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Starting pitchers:
Pedro Martinez (16-7 3.69 ERA): In what was easily his worst start of the season, Martinez allowed eight runs over just five innings Sunday, in a game where his team needed him to step up against the Yankees. Instead, New York pounded a trio of home runs off Martinez, who watched his ERA rise from 3.43 to 3.69. It was the second straight loss for Martinez, who opened last week with a 2-0 loss to Tampa Bay.

Curt Schilling (20-6 3.40 ERA): In winning his 20th game of the season, Schilling allowed four runs over 7 2/3 innings to the Devil Rays. He has a shot at winning No. 21 tonight against the Orioles and will face a huge shot at redemption against the Yankees this weekend.

Derek Lowe (14-12, 5.19 ERA): Yikes. It wasn't just the worst start of his career (one inning, six earned runs), Lowe's bonehead play, tossing the ball to third, everybody's safe, bases loaded, was typical of the way things went in New York over the weekend. The loss was Lowe's 12th of the season, and easily the ugliest. For Lowe in 2004, that is saying quite a lot.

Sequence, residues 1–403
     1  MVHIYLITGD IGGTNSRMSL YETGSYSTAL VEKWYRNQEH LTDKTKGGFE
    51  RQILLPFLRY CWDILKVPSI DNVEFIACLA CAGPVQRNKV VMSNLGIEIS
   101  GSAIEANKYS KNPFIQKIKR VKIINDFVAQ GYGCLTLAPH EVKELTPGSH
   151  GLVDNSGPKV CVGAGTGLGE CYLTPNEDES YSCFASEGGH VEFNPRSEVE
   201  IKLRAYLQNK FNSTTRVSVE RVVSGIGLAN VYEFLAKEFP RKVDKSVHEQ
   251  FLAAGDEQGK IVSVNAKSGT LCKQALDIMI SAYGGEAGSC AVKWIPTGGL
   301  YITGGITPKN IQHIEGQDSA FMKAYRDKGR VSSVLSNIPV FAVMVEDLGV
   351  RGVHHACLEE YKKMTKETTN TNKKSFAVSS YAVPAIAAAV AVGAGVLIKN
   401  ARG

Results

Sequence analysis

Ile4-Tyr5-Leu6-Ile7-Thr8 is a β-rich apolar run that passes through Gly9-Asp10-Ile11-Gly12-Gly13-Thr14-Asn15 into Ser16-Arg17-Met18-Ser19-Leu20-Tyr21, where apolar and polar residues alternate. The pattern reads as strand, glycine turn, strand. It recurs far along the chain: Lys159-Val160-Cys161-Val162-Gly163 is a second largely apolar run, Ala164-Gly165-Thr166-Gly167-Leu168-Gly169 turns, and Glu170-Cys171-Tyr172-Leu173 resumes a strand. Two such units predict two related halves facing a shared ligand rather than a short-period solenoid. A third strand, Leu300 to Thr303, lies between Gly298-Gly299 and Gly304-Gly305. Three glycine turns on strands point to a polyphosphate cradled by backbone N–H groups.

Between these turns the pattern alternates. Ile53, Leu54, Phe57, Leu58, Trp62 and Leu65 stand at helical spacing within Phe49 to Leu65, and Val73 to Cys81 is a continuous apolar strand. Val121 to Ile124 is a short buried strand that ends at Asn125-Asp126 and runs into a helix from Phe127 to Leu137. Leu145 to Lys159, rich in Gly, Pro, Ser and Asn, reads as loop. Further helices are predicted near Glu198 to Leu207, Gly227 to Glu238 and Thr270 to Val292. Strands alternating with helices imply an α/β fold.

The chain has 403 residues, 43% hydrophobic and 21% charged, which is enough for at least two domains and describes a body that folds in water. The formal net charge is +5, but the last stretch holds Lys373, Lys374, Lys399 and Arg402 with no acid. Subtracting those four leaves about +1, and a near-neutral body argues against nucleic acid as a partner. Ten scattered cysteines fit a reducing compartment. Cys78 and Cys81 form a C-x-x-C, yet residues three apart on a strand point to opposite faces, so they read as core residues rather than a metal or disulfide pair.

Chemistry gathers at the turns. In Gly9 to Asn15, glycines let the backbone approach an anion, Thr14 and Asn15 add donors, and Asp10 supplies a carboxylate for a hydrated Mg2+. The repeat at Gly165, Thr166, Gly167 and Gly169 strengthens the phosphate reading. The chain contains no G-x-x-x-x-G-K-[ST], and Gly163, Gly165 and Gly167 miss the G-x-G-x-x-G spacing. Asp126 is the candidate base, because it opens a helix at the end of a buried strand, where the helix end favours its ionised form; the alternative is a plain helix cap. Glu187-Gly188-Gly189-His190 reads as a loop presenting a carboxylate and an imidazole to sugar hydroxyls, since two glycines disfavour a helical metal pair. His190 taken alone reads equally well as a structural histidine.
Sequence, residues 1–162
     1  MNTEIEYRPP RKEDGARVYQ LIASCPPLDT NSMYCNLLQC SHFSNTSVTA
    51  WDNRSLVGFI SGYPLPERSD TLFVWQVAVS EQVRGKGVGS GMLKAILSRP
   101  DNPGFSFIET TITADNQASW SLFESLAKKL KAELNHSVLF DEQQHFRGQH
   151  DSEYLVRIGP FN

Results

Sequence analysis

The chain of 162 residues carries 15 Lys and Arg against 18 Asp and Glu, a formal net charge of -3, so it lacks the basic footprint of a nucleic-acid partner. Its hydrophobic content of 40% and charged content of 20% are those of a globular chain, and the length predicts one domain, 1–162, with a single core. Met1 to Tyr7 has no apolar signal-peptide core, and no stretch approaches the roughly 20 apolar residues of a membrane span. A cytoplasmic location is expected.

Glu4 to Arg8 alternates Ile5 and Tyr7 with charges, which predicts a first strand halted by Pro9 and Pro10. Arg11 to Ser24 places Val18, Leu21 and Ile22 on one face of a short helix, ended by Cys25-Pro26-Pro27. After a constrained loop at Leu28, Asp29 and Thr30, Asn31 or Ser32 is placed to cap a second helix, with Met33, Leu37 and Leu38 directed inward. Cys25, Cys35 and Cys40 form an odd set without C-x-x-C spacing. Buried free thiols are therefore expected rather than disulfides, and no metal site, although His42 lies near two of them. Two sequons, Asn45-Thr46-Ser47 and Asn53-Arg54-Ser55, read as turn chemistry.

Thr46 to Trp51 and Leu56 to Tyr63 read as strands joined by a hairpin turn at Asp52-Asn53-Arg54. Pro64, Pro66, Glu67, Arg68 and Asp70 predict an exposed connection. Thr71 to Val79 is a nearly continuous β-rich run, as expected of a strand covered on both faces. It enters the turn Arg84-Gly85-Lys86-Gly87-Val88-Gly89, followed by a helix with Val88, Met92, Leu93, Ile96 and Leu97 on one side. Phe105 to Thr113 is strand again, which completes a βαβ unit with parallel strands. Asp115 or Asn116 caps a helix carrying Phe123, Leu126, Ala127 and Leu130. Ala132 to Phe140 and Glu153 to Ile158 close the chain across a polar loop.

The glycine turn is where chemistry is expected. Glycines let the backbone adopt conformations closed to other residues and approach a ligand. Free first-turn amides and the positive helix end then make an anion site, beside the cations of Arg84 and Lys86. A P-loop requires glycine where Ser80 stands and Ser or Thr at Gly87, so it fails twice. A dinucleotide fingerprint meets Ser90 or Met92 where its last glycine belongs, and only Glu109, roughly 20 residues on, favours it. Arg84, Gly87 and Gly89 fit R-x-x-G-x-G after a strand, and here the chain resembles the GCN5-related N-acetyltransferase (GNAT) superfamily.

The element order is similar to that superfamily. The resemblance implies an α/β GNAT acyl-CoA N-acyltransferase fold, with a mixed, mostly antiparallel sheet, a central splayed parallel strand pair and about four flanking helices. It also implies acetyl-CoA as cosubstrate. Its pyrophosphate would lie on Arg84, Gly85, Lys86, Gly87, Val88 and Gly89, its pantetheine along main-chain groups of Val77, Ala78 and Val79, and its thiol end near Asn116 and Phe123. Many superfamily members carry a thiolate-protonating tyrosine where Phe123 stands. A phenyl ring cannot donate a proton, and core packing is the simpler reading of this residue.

Tim Wakefield (11-10, 4.96 ERA): Yikes retake. In his latest road bumps, Wakefield suffered the loss last night, allowing seven earned runs against Baltimore, and had a no-decision against the Devil Rays, allowing four runs over five innings. It may be that Wakefield's latest disaster last night might have pitched him out of the October rotation.

Bronson Arroyo (9-9, 4.01 ERA): It wasn't that long ago that you wouldn't believe that the best start of the week came off the arm of Arroyo, but that's the case this week as Arroyo was solid in a no-decision Friday, allowing the Yankees two runs over six innings, in what was eventually a dramatic 3-2 win for Boston. Grade: D+
Poll survey: Your grade

(Record and ERA are through Monday)


Bullpen: